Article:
2nd Yes concert and worth it alone just for hearing Close To The Edge live for the first time. I think this was the only time I saw them with Moraz, although I saw him in the 1980's with the Moody Blues, so he got around.
This was my first YES show and with a couple of exceptions in my 30 + years of concert-going, still a pinicle moment for me. Unfortunatly, my memories of the show are not complete due to some interaction with shall we say some "illicit" substances but I continued to see YES in G'boro through my high school years and grew to be the fan I am. \
"To Be Over" was absolulty beautiful and "Gates" was just too much to truly take in in one sitting, the template song for the "co-ordinated chaos" arranging that make this band constantly amazing.
Although I feel that Wakeman is the "true" keyboardist for the band, Relayer is my favorite studio album and I am happy to say that I was able to see Moraz with YES and saw him later on with Bruford during their "Piano and Drums" tour.
Gryphon opened for the band, I remember Brian Guilland and the rest got a tremendous ovation . Their final song was a sailor's hornpipe that sped up to tripple time. After a really long wait, Yes came on and opened with "Sound Chaser", which we were not yet much familiar with. Ye Gods! It was bracing and disorienting. A very trippy show. I was much impressed with Dean's set design, especially the reworked TO drape at the rear of the stage. Moraz was wonderful to hear, very jazzy. When the band played "Gates of Delirium", during the battle section Moraz banged away at these slinkies hung from his baby grand. They were cut at different lengths and there were pickups on the ends of them. He hit them with a metal wand. They made a clashing sound, like armor and swords being bashed about.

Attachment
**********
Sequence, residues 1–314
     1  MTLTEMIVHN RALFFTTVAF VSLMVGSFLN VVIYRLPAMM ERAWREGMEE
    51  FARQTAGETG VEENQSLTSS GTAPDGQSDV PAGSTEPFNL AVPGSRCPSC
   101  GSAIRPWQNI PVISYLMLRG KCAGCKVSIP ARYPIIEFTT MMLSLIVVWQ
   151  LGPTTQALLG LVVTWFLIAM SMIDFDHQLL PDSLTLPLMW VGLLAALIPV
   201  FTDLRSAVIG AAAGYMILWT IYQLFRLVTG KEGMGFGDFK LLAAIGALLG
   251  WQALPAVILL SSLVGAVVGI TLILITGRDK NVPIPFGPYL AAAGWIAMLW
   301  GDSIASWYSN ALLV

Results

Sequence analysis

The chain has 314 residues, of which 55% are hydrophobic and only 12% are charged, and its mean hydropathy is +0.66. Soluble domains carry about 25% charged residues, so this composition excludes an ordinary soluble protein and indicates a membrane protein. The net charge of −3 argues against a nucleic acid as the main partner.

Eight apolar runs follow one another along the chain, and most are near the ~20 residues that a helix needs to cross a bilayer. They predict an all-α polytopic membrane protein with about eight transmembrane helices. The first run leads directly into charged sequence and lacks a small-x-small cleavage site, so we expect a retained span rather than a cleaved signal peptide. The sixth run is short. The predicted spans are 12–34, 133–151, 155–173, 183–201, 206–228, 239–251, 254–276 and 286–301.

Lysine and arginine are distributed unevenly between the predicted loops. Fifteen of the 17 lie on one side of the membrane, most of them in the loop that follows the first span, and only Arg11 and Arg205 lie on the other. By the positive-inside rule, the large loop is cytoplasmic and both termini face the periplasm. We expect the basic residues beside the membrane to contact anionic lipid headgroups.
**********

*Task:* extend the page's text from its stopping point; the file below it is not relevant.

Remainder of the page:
I went to this show with a high school chum who later became infamous as Mojo Nixon (who penned and sang the '80's anthem "Elvis is Everywhere") and that he discovered that we were sitting just in front of none other than Wavy Gravy, hero of Woodstock and co-founder of the Hog Farm Commune. We shared the bag supper (which we were allowed to take into the colliseum) with Wavy and also with the guys from Gryphon who came out into the audience to watch Yes. When my girlfriend said to them that she thought that they might have blown Yes off the stage with their meaty set, they said, "No, Yes are the best. They are like our heroes."
Before the show, I watched Jon loading dry ice into the machines behind the stage. He was obviously road weary but when I asked him to smile for a photo, he stuck his fingers into the corners of his mouth and made a smile through the V of his fingers. Then he came over and signed autographs.